The Wounded Storyteller (Part One)–The Restitution Narrative
There are certain books that I can remember where I was when I first began to read them. Perhaps something like this has happened for you. I found this book in the Wake Forest Library, and I took the book and began reading it on a low stone wall near a creek not far from the library. This was several years ago now. As I read I had a feeling as if thoughts and stories inside my head were literally rearranging and falling into new patterns. It was as if the author, Arthur Frank, had taken the thousands of stories of illness and loss I’d heard in my life—many of these told to me by patients—and he’d placed them into a kind of new and pleasing order, one that made an inordinate sense.
Arthur Frank is a medical sociologist and a survivor of testicular cancer. He opens The Wounded Storyteller by quoting a woman, Judith Zaruches, with chronic fatigue syndrome. He quotes from a letter that she wrote to him:
The destination and map I had used before were no longer useful.
The Wounded Storyteller speaks to the stories people tell (and write) when the old story—the one used prior to illness or loss—no longer suffices. The book is a dense book—it contains many things. The part I have found most useful—most illuminating—is in the middle chapters of the book, where Arthur Frank names three kinds of stories that people tend to make in the wake of illness and suffering. He acknowledges, at the outset, the fluid nature of these stories. People move back and forth among the three kinds of stories—the stories intersect and overlap. Still, he points to the value of naming the kind of story one is tending to tell. (It’s a bit like beginning to know where one is on the map—or perhaps knowing which map one is using.)
The first story is one he calls the restitution narrative. At its simplest it goes like this: I was sick and then I recovered and now I am my old self again. Or, perhaps: I am sick now but I will recover and then I know I will be my old self. This is the narrative that arises most naturally in the wake of an acute illness—after the flu, or ordinary pneumonia, or a broken bone. It can occur in the wake of certain kinds of cancer, when, for instance, the surgeon comes back with the report that he or she got it all, that the margins are clear. It can also occur in the wake of a replaceable loss. A tree falls on a house and the roof is crushed—but then the roof gets fixed.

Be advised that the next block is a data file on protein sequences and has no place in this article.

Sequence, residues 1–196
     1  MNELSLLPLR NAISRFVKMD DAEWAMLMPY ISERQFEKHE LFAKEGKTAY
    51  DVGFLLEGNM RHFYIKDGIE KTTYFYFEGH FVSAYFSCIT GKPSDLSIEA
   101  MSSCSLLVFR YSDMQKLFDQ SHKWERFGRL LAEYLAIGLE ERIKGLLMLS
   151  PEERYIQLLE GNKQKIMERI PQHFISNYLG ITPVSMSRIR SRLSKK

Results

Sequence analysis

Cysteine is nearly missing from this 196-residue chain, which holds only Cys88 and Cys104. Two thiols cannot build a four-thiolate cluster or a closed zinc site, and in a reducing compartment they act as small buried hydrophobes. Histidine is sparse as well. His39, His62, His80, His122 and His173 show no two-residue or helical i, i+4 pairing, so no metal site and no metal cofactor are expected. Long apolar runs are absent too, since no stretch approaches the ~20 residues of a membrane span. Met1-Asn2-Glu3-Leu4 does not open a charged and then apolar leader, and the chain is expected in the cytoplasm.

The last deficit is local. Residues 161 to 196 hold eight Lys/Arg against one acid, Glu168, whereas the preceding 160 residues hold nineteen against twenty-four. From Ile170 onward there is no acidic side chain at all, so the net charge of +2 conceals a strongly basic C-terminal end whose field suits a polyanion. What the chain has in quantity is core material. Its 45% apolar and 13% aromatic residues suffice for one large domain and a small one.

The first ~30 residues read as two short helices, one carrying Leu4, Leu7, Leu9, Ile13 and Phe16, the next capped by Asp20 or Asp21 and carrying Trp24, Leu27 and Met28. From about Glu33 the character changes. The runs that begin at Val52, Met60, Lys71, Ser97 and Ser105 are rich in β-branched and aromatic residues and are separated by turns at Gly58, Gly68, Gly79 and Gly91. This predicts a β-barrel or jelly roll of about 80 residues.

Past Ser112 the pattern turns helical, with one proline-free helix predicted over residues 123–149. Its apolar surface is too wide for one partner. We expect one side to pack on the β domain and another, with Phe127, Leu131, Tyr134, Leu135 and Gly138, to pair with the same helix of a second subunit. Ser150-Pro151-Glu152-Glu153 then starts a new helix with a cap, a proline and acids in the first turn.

I tend to picture this first narrative like a simple algebraic equation. If I was X before my illness, then I know the story has come to an end—and a good end—when I am recovered to X again. I am back at work. I’m running again, or swimming, or driving, or dancing, or whatever it is that makes me feel like I am my old and familiar self.
X = X.
This is a very useful narrative, I think. It’s a very comforting narrative. It works for many things, including many illnesses. In fact, I don’t know that I know anyone who gives up this narrative unless they absolutely have to.
The second kind of narrative–the chaos narrative–can be found here.
And the third kind of narrative–the quest narrative–can be found here.